I remember when I saw my first small computer. I can't say it was a personal computer because it wasn't. It had about 1/1000 the power of the first PC and cost more than a house at the time. It was a special prototype lab instrument in the Hewlett-Packard research labs. I was attending a science institute during high school when I saw this beautiful desktop sized computer. It was love at first sight and I dearly wanted one of my own.
Later on in graduate school. I drooled over the experimental group's hand crafted computers running the data acquisition software for the particle detectors. The price had dropped to the point where each little board on the detector cost less than $10,000.
When the advent of the CP/M based hobbyist machines finally brought the price of personal computers down to the level I could afford, it was close to decade after my first sighting. My very first "real" PC had a blazingly fast 2MHz Z80 processor, 32 KB of memory, used an old character-only terminal as the user interface, and had one (1!) of the old eight inch floppy disks for storage. I could compile a program with only 8 swaps of the floppy disk for temporary storage and various passes of the compiler. I was in hog heaven!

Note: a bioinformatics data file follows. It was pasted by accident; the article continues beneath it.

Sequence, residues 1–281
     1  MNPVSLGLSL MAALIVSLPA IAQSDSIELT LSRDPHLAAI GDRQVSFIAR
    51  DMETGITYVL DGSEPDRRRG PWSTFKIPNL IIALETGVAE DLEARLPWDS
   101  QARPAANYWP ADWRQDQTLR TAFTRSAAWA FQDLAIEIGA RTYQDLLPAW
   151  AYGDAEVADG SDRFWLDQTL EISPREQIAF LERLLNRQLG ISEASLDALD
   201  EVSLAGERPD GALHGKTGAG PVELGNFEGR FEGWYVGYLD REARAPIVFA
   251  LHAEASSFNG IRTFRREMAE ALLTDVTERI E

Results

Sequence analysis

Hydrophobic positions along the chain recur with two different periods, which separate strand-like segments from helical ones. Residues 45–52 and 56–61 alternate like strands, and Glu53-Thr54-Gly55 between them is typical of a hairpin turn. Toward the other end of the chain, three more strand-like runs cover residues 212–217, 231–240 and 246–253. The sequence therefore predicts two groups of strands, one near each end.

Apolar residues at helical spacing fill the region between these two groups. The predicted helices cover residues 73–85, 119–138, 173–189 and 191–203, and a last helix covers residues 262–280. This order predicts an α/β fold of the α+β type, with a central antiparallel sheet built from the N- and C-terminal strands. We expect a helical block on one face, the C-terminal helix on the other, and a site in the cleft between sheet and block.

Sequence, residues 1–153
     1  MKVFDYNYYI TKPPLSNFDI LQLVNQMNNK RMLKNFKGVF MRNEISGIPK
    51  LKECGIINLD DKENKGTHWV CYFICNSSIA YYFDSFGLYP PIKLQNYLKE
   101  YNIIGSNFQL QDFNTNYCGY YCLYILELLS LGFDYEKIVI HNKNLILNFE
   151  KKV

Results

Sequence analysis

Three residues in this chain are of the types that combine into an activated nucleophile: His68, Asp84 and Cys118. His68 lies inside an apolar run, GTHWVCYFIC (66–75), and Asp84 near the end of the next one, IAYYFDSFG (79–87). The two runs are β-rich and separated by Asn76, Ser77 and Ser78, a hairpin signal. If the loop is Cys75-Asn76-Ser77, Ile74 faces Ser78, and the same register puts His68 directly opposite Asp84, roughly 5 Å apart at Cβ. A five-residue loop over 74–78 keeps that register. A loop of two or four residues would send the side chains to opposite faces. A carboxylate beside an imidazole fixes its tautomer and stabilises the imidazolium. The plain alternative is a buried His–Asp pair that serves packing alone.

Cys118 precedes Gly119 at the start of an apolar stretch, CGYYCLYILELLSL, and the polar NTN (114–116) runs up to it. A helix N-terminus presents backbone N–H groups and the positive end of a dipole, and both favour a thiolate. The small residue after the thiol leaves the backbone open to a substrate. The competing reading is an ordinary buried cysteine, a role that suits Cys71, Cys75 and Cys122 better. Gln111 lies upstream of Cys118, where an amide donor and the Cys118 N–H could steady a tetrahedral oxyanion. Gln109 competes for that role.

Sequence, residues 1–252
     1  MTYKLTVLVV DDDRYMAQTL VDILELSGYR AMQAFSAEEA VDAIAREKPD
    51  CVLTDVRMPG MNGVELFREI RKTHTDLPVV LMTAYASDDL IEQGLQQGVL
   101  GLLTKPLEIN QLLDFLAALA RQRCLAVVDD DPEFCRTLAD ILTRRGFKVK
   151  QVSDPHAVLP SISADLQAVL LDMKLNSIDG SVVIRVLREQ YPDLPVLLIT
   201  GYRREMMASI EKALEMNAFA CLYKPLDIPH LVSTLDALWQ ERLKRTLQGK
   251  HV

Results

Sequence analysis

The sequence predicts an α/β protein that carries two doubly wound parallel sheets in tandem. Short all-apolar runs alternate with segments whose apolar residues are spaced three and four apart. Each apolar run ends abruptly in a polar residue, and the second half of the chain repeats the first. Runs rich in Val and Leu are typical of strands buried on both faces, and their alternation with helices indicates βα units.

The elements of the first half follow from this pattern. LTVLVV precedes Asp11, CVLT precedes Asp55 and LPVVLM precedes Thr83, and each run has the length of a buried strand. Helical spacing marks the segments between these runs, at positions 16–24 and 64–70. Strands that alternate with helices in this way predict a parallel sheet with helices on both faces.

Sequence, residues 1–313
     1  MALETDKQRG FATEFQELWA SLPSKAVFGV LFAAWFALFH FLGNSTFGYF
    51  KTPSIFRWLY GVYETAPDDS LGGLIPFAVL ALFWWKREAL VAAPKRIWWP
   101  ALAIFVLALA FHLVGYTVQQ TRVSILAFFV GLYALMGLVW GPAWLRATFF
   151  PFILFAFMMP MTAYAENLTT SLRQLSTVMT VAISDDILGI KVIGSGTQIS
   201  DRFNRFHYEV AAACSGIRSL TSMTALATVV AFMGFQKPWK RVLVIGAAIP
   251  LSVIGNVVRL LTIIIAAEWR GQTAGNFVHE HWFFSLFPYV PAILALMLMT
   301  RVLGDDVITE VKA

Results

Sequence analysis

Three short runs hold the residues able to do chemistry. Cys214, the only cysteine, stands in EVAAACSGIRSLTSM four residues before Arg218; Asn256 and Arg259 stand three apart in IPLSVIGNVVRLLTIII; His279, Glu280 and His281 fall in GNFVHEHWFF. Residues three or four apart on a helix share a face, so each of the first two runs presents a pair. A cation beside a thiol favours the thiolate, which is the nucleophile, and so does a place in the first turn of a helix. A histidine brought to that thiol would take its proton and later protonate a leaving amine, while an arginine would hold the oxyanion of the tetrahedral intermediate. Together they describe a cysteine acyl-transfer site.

Over the next year and a couple of hundred visits to surplus and swap meets, I added 4 five inch floppy disks to replace the single eight inch disk. It made me the envy of all my friends since I could now compile a program without swapping the disks. Just start the compile and go to bed and it might be done by morning. I also added one of those new-fangled 1200 baud modems so I could call into the Bulletin Board Systems and the nascent Compuserv network. And I added another 32K of memory so that I had the full 64k addressable by the Z80. Still no hard drive since the technology for winchester disks was just starting to ramp up and even a 5MB drive cost more than $10,000 (and had a mean time between failures measured in months, not years).
Now that I have put you all to sleep as I drool over my first techno love, let me put the capabilities of this beautiful little machine in terms that may be more meaningful:
- The Z80 processor in the machine had less compute power than the chip in a toaster today
- 64k of memory is less than the amount of memory your toaster probably has in it today
- The five inch floppy disks held 96K each. Thus all four disks together held less than .5 MB. A typial notebook today has 200GB of hard disk - more than 400,000 times the capacity of my little machine.
What makes all the memories so remarkable is that today with literally thousands of times the memory and compute power, the only real change in computing is that all that power is devoted to the user interface. Things happen faster and are flashier, but are not fundamentally improved from the old days. It will be interesting to see what the changes are in the new few years and if they finally fundamentally change the underlying computing model.
I am reminded of a collegue from long ago who once said that the only change in computing from 1980 to 2000 was that we made the machines faster and larger so that ever less capable people could write programs. There is some real truth to that view. (And it isn't necessarily bad either.)